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Serbs Unveil Spending Spree to Fuel Growth, Catch Up With EU

Gordana Filipovic and Misha Savic

(Bloomberg) -- Serbia will spend almost 14 billion euros ($15.7 billion) through 2025 as the government seeks to double the rate of economic growth, bringing it into line with the European Union and raising living standards.

The new investments were announced as the Balkan nation heads for general elections in late April or early May, and President Aleksandar Vucic is eager to depict Serbia as a desirable place to live while trying to stem a demographic outflow. The economy remains smaller than in 1990, the last year before the bloody breakup of the former Yugoslavia, according to a World Bank report earlier this month. The economies of Serbia’s central and eastern European peers are now on average 80% larger.

The program, drawn up with the World Bank’s assistance, focuses on developing energy infrastructure, roads and the agricultural sector. The government is allocating money for housing subsidies for young families to help shore up falling birth rates. It’s also offering incentives for employers to hire and to spur some of the hundreds of thousands of people who left the country in the past decade to return home and set up businesses.

“We are doing this because we want young people to stay here, to have more children and a better future,” Vucic told reporters in Belgrade. Growth this year will reach 4%, beating forecasts, while the dinar will be stable in coming years in a range “from 117 to 120” dinars to the euro, he said.

Vucic pledged to raise average wages to more than 500 euros a month as soon as 2020 and 900 euros in 2025, as public sector pay increases and the rising number of manufacturing and construction jobs ends the current labor shortage. The central bank also plans to help the economy by managing the dinar exchange rate.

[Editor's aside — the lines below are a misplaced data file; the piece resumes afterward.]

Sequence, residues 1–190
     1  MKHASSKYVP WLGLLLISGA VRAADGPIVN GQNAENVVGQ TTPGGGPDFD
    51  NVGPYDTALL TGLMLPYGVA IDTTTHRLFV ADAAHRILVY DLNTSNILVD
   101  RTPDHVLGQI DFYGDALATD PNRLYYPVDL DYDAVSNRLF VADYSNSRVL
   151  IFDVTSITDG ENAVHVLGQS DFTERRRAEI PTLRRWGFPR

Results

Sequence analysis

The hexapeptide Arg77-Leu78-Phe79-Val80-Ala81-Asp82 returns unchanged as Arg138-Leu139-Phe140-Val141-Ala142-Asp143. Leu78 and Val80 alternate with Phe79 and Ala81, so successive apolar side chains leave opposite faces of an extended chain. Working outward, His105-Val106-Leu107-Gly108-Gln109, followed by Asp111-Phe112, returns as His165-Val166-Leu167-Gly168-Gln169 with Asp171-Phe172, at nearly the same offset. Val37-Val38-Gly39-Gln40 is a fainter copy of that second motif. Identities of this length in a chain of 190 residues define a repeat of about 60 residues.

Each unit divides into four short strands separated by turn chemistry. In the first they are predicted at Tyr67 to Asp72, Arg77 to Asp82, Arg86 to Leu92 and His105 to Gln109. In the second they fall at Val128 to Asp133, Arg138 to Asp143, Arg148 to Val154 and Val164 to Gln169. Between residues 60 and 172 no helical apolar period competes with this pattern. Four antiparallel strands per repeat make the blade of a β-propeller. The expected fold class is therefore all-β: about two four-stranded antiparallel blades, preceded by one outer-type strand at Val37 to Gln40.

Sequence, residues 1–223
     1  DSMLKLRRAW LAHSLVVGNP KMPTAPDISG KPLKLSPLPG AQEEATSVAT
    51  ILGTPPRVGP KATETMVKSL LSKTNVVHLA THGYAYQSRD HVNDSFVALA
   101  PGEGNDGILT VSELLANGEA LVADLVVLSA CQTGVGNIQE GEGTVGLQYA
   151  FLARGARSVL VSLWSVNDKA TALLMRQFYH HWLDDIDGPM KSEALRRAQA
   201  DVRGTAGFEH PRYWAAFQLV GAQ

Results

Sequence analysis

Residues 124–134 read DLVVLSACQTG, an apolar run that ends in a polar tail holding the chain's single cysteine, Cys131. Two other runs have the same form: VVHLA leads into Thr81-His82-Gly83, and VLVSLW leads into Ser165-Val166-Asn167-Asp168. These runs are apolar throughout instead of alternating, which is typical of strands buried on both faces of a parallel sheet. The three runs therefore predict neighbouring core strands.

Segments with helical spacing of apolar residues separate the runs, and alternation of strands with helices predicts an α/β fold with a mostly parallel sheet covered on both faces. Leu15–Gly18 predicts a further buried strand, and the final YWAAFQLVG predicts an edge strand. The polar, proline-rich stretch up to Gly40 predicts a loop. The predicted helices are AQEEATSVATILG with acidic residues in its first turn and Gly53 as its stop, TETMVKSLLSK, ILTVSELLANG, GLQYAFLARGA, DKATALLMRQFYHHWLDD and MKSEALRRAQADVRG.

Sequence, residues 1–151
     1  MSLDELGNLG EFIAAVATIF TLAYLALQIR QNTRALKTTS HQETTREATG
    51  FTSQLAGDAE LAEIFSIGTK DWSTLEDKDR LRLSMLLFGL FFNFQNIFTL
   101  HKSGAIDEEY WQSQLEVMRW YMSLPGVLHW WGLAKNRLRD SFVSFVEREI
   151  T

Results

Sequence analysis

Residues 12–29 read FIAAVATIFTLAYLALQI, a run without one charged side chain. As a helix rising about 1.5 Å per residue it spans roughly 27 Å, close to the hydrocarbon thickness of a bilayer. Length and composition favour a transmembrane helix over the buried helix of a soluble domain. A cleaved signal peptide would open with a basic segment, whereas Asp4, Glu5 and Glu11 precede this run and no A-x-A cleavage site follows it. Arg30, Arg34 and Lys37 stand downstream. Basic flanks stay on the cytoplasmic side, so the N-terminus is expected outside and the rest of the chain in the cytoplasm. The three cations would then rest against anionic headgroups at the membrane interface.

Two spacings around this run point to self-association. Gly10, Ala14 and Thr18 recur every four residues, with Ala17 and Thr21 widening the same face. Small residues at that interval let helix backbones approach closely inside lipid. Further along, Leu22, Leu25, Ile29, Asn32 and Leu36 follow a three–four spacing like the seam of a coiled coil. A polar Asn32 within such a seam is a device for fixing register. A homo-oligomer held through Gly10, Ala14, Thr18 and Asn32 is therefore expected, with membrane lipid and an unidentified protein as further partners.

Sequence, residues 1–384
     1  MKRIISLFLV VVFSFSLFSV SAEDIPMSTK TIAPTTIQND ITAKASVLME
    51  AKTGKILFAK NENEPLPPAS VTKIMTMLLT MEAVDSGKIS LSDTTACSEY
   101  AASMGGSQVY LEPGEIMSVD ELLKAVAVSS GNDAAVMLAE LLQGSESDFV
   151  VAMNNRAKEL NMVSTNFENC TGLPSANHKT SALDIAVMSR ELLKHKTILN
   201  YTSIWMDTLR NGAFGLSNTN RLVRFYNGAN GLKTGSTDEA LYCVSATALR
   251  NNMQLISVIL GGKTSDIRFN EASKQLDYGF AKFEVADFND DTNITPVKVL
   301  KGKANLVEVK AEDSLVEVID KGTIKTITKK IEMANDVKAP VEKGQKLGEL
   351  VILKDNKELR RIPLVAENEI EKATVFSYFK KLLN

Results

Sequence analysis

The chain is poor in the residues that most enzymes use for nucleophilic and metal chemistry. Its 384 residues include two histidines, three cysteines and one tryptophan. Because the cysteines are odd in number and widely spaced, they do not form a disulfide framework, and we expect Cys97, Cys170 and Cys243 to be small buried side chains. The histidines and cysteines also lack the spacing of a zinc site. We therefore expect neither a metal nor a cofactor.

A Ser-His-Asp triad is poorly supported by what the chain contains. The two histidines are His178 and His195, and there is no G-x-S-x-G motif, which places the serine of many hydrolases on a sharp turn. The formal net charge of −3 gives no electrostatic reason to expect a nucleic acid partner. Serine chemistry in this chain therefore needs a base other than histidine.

The president’s party is riding high in opinion polls despite multiple allegations of high-level corruption and as opposition politicians cry foul over deteriorating standards of democracy, media freedom and the rule of law. Another challenge he faces is a potential deal to recognize Kosovo’s 2008 secession. Most Serbs oppose an agreement that would acknowledge the loss of what they consider their historic heartland.

To help raise average annual growth to 7% from about 3.5% this year, the World Bank advised Serbia to expand access to financing for startups and small- and medium-sized firms, revise school programs to enhance job skills, refrain from anti-competition measures and improve services for the population. Only half of Serbian citizens are satisfied with government services now, a similar level to Central Asian countries, according to the lender’s report.

Serbia also needs to deepen financial sector reforms, improve labor skills, strengthen competition and make its government more effective, according to the World Bank. That level of expansion, if sustained over a decade, could help Serbia catch up with some EU countries, the international lender said.

The spending spree will be financed mostly by bond sales, along with funds from the budget and bilateral loans. It will also include a maiden green bond as Serbia targets pollution, among the costliest requirements on its path to the EU, Finance Minister Sinisa Mali said in an interview this week.

(Updates with comments from president in fifth paragraph.)

To contact the reporters on this story: Gordana Filipovic in Belgrade at gfilipovic@bloomberg.net;Misha Savic in Belgrade at msavic2@bloomberg.net

To contact the editors responsible for this story: Andrea Dudik at adudik@bloomberg.net, James Amott, Andrew Reierson

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